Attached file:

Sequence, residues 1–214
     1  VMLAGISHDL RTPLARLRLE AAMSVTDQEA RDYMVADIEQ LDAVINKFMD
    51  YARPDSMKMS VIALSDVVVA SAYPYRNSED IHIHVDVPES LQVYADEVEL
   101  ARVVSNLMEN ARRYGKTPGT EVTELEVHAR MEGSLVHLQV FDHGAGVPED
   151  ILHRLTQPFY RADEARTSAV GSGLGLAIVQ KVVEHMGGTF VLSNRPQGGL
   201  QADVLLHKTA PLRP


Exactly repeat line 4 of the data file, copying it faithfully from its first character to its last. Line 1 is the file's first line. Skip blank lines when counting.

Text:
   101  ARVVSNLMEN ARRYGKTPGT EVTELEVHAR MEGSLVHLQV FDHGAGVPED